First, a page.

No business function has been immune to the sweeping impact of digital transformation in recent years.
No business function has been immune to the sweeping impact of digital transformation in recent years. New technology has been helping to improve productivity across all areas of business, while also providing streams of data, which enable us all to work smarter.
This is no different in HR. According to Deloitte’s Human Capital Trends report, 73% of HR professionals now see ‘Digital HR’ as important or very important – while 71% think the same of ‘People Analytics’.
This has opened up fantastic possibilities to solutions that digital technology can provide. The challenge for us all, however, is to remember to start with the basics. For HR and payroll, those fundamentals lie in time and attendance data. After all, this is the data from which we track our human capital – the bedrock resource of any organisation.
Making better use of this information can help businesses optimise their processes and improve overall performance. Here are three ways organisations are doing just that:
On a basic level, time and attendance data is vital to resource planning and scheduling within any organisation – especially when managers are juggling all sorts of absence requests, such as staff holidays, flexible working requests and periods of sick leave.
Having access to this real time data means managers can quickly analyse the consequences of an absence request and respond accordingly. They can easily accept or reject requests and take appropriate actions to compensate for staff shortages.
2. Spotting trends
It’s not just the immediate, day-to-day benefits where time and attendance data is valuable, however. When properly analysed, it can also reveal trends that can lead to huge savings for any business.
For instance, this might highlight seasonal periods when there are unusually high instances of absence, caused by sickness at winter time or holiday requests in the summer. An ability to forecast such patterns of behaviour allows an organisation to flex their staffing levels accordingly.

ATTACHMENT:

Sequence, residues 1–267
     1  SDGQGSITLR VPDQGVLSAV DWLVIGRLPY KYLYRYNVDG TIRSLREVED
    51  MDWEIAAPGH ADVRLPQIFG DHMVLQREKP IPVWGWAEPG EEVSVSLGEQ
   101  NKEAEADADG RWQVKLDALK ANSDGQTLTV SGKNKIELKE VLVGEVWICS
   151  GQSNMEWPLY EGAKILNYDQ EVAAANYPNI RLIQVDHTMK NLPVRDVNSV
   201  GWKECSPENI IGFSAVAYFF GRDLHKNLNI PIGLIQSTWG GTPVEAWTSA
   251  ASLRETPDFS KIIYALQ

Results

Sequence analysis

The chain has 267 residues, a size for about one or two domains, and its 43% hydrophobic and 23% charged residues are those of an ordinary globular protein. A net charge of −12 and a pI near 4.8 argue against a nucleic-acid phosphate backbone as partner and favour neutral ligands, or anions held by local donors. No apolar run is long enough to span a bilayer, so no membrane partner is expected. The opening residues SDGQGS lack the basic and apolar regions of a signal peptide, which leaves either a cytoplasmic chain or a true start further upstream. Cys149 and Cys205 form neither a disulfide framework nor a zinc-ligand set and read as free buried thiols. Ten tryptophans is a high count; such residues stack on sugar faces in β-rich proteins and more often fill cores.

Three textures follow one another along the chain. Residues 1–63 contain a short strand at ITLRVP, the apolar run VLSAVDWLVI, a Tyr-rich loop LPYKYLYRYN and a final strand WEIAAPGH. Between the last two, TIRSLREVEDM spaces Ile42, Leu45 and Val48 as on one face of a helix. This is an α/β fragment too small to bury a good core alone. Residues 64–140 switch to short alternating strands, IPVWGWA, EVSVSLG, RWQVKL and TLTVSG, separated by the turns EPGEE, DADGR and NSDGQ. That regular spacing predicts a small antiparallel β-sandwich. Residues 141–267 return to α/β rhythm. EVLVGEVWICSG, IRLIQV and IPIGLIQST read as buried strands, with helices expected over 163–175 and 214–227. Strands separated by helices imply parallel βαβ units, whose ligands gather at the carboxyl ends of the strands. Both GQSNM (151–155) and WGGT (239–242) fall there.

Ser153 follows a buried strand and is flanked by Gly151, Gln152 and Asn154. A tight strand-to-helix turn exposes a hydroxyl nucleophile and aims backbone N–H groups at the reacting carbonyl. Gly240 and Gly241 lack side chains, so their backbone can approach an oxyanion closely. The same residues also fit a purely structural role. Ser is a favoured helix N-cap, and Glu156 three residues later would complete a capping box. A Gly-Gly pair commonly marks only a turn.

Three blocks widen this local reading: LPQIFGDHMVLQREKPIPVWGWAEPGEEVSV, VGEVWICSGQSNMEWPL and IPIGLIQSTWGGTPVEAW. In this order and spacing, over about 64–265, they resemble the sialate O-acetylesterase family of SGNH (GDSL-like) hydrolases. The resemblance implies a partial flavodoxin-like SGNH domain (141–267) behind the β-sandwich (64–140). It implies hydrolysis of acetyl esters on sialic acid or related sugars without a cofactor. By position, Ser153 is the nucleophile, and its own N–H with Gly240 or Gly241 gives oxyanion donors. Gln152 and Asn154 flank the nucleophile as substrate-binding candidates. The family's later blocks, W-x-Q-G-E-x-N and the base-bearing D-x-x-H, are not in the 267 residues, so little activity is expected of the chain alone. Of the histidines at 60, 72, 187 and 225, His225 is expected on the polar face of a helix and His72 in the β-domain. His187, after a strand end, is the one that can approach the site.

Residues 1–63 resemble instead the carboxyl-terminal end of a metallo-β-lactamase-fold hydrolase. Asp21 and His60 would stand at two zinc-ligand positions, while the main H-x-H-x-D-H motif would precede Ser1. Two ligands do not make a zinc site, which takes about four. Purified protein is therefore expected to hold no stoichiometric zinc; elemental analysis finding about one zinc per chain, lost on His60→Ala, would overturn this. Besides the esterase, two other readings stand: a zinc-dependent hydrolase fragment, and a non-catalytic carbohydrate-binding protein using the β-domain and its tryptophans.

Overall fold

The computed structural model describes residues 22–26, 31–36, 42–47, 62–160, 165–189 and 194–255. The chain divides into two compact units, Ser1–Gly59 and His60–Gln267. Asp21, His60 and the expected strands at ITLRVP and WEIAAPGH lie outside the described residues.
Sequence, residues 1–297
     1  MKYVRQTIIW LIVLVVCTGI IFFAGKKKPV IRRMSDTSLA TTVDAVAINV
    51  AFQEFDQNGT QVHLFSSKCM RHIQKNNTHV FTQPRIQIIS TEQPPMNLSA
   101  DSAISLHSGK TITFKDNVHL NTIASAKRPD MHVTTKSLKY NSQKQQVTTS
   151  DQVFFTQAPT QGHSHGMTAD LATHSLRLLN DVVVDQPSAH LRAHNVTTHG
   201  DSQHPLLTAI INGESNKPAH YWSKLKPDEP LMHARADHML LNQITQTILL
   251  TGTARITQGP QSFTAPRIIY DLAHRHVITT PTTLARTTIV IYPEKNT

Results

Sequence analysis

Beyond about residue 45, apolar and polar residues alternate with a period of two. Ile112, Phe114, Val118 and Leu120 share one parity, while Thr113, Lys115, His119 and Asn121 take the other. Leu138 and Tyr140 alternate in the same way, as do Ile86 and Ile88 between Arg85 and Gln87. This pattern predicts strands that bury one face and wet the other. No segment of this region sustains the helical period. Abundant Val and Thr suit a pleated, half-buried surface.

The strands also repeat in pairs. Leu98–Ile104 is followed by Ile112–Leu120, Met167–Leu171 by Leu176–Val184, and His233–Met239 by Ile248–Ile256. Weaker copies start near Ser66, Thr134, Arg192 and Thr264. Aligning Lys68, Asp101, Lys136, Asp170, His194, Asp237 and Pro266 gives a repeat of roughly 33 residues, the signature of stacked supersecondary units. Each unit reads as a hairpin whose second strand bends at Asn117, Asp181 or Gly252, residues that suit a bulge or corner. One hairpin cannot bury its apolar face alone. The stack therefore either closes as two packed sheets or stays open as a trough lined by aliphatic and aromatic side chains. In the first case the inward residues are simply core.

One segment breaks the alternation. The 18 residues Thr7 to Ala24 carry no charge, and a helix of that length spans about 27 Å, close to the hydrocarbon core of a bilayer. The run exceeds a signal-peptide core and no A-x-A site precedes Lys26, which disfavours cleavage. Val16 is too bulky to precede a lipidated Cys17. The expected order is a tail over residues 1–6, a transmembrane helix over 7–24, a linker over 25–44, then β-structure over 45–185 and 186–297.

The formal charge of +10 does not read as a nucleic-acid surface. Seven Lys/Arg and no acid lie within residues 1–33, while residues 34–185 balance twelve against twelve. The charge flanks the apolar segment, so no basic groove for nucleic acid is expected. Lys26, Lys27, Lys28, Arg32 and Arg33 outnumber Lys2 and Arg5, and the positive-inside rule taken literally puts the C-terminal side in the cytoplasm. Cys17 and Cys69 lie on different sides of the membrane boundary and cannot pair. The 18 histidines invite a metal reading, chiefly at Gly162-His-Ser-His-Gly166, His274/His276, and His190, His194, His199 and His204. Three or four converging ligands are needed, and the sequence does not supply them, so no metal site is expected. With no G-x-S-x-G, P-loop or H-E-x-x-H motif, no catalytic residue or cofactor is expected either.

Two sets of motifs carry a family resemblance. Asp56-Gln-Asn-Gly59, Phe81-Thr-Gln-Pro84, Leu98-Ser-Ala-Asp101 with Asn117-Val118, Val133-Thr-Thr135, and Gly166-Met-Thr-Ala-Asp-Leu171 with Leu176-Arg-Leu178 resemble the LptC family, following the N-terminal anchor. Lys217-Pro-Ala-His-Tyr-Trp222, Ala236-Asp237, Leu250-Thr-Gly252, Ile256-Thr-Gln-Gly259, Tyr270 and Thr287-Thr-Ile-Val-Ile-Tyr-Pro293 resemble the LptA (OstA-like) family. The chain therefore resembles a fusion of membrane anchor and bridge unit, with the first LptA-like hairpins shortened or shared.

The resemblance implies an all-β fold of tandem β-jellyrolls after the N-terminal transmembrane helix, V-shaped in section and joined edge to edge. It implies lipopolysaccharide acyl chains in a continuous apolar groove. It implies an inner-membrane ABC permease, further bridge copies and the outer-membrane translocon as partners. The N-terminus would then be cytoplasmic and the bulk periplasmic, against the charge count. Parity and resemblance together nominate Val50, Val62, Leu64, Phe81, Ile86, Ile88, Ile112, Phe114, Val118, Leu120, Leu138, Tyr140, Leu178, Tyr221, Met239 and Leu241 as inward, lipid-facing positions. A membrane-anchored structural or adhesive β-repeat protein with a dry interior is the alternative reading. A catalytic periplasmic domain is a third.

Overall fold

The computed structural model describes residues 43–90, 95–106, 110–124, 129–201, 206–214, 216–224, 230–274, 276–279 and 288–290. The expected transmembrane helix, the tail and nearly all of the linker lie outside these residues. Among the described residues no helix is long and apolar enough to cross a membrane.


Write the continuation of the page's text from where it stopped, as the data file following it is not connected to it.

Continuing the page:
Alternatively, a business may discover, for example, that child care issues are resulting in persistent lateness and short notice requests for time off work. With this knowledge, organisations can look for ways to remedy the situation – possibly through the introduction of flexible working initiatives.
3. Employee wellbeing
Crucially, time and attendance can reveal serious problems impacting individuals. The latest government statistics show half a million people in the UK have experienced work-related stress, anxiety or depression.
If employers are able to catch the warning signs – often revealed by patterns of absence or lateness – action could be taken to address these illnesses. Helping the individual will also benefit the organisation as a whole, as it can prevent colleagues being asked to cover sick leave or managers struggling to hit targets due to a lack of resources.
Reliable data can provide managers with a chance to make an early intervention and ascertain what problems an individual may be facing. Is an excessive workload or a challenging working environment contributing to their difficulties? Would it be of benefit to the individual and the business to make changes to the current way of working? According to the CIPD, employees in the UK take an average of 6.3 days off a year as absence. However, with insights drawn from time and attendance data, organisations can begin to reduce these absences.
When you consider how data analytics is helping to predict other potential problems and how to best utilise the most vital of company resources, human capital, you can also see that this data has the potential to really improve the organisations performance.
If you’d like to discover more about ResourceLink or how our people can help you transform your payroll and HR operations, we’d love to talk.Talk to us